Politico’s false narrative about Oklahoma’s GOP Senate primary

James Lankford

In the mind of Politico reporter Burgess Everett, Rep. James Lankford (R-OK) was elected in the 2010 mid-terms and is, therefore, a “Tea Party guy.” After all, every Republican elected in that historic election can accurately be described with the Tea Party label, right?

Everett frames it this way in the lede (emphasis added):

Down here in the buckle of the Bible Belt, conservatives might eat one of their own.

Tea party celebrities Sarah Palin, Ted Cruz and Mike Lee descended here on Thursday night to anoint their candidate to replace retiring Republican Sen. Tom Coburn: Republican former state House Speaker T.W. Shannon.

By embracing Shannon, they are leaving behind Rep. James Lankford, the fifth-highest-ranking member of the House GOP leadership, who is also bidding for the last two years of Coburn’s term. Lankford could be forgiven for thinking he had a shot at such prominent endorsements, since he rode the tea party wave of 2010 to a seat in the House. But the conservative glitterati think Shannon is a true believer and that Lankford has disappointed them by voting to raise the debt ceiling and joining Speaker John Boehner’s team

Senate Conservatives Fund and FreedomWorks PAC, two of the biggest conservative organizations, have also endorsed Shannon, who now leads Lankford in the Oklahoma Republican Senate primary.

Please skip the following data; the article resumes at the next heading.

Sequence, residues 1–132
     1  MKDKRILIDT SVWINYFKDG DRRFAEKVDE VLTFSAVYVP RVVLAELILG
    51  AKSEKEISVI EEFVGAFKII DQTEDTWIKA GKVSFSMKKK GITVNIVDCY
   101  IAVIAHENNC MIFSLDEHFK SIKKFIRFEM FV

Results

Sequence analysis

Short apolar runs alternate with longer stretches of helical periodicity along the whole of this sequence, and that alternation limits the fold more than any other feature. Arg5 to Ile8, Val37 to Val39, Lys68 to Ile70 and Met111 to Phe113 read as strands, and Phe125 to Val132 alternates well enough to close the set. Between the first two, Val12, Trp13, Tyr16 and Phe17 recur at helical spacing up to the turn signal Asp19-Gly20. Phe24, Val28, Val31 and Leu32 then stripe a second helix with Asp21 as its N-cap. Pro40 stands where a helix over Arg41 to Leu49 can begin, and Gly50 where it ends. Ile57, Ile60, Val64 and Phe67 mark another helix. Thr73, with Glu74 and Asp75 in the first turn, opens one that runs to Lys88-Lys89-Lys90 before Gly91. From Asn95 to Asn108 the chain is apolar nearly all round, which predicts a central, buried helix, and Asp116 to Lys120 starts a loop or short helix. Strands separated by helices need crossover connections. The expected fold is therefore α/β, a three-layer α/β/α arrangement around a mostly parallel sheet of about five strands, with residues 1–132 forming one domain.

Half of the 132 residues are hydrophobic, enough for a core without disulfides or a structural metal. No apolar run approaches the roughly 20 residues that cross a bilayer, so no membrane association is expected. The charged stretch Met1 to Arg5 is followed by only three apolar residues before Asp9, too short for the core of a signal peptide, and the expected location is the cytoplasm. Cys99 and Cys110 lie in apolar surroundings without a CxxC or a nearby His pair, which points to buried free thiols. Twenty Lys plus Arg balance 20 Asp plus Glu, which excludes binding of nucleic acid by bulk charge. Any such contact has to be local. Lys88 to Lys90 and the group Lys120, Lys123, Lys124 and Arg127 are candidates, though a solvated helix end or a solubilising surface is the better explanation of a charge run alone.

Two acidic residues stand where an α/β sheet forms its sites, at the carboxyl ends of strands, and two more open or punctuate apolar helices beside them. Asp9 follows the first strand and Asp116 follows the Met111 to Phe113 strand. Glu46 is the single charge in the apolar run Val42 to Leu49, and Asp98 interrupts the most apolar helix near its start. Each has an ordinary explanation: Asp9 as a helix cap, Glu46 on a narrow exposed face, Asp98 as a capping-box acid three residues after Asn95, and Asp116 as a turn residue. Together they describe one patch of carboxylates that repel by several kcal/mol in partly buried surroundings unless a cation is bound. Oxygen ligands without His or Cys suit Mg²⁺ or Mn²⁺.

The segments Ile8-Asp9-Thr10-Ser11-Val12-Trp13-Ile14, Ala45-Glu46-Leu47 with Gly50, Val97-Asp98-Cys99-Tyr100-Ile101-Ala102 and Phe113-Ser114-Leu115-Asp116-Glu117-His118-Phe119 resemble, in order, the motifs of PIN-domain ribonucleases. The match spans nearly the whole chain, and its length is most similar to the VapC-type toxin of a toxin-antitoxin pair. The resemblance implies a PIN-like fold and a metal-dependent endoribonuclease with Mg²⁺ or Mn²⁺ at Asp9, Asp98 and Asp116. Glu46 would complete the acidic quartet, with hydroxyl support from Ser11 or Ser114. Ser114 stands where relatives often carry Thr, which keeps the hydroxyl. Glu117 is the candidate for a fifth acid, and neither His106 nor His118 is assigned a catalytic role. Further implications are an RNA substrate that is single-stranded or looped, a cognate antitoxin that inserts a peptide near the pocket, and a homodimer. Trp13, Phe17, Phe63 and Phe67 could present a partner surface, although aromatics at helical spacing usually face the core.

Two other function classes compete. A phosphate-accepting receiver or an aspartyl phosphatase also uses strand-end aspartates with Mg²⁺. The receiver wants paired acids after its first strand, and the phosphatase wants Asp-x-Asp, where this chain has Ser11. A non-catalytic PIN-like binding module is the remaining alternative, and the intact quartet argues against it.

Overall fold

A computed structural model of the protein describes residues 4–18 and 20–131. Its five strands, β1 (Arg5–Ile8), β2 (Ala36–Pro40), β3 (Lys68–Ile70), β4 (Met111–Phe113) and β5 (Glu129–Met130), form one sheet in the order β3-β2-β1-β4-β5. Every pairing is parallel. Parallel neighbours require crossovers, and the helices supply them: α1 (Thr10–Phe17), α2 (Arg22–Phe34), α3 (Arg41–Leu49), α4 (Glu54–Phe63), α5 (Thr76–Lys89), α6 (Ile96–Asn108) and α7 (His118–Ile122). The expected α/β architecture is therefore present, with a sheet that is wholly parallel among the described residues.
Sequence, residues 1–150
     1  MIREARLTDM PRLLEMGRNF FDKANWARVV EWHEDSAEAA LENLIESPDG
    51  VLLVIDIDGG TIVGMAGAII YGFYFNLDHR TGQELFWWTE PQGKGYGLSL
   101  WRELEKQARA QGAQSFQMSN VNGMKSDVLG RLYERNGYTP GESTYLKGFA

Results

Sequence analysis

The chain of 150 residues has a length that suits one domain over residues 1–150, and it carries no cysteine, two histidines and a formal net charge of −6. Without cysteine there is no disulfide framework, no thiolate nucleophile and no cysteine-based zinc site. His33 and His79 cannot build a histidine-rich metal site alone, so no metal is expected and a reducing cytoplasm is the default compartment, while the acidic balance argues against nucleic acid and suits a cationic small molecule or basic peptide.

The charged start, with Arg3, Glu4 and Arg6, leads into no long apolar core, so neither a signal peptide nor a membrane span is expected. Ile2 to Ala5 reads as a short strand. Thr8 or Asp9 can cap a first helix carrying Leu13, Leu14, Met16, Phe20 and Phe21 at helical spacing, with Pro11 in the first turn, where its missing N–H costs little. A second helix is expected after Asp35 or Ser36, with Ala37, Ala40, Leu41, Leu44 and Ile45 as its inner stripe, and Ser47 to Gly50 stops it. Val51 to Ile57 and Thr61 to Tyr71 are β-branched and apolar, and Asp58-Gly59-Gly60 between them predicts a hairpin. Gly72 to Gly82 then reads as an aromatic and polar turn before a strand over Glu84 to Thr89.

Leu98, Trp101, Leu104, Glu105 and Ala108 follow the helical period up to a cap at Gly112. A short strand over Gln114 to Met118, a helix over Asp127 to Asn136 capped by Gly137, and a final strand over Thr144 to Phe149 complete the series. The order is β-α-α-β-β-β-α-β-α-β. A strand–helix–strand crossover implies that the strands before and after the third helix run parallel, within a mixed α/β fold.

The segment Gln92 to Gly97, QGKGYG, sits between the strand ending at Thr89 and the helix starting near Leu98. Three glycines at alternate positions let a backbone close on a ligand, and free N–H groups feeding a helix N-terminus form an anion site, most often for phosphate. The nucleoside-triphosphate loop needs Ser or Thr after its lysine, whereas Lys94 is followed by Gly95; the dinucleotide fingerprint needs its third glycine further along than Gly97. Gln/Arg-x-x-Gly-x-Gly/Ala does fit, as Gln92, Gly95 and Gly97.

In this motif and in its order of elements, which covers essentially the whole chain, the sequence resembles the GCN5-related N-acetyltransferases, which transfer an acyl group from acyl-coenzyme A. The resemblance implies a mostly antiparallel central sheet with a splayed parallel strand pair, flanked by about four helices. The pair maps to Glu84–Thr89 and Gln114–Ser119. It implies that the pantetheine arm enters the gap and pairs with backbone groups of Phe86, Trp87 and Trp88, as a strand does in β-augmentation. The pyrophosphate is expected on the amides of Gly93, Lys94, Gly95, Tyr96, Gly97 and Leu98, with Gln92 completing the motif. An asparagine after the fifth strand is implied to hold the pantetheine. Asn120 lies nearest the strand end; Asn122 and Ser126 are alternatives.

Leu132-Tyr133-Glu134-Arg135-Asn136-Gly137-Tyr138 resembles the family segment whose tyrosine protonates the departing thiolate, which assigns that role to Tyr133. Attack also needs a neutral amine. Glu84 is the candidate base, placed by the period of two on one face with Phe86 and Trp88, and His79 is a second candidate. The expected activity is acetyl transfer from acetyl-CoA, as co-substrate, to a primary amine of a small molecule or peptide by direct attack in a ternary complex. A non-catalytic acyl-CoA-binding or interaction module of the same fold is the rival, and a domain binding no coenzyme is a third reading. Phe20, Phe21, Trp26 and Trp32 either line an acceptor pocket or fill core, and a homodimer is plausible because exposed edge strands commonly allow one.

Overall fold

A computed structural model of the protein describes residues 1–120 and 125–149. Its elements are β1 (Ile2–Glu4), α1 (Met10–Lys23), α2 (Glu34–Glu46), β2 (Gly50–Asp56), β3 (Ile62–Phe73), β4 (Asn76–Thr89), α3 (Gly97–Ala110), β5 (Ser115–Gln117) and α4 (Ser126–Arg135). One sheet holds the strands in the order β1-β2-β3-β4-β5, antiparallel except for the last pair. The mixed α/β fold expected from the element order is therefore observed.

Sorry, but the narrative presented by Politico just isn’t accurate. Lankford certainly isn’t the worst Republican in the House, but his voting record shows him to be an average, middle of the road guy. Part of the status quo, if you will.

The Club for Growth, for example, gives Lankford a 76 percent lifetime score. FreedomWorks has the Oklahoma Republican at 75 percent.

The latter actually shows that Lankford was good initially, holding an 87 percent score in 2011, the first year of his congressional career. But it was downhill from there. He came in at 50 percent in 2012 and 68 percent in 2013.

Of course, since Lankford announced his Senate bid, he’s been an ideal conservative, holding a 100 percent score for the current year. He’s trying to boost his bona fides. Because, you know, political convenience.

But Lankford is emblematic of what’s become of the 2010 freshman class. The Club for Growth looked at a number of votes from that these House Republicans made in a May 2012 analysis, finding that just 28 of the 87 freshman had scores of 82 percent or higher.

A look at Club’s analysis of Lankford’s voting record shows that the Oklahoma Republican couldn’t bring himself to vote for cuts to energy subsidies or a proposed 5 percent cut to the Department of Agriculture. He also voted against rolling back federal spending to more sustainable levels.

This isn’t an instance of conservatives “eating one of their own,” as much as Politico wants to present that narrative. Lankford didn’t have any prominent fiscal conservative support when in first ran for Congress, and when he got there, he didn’t waste much time picking what sort of Republican he wanted to be.


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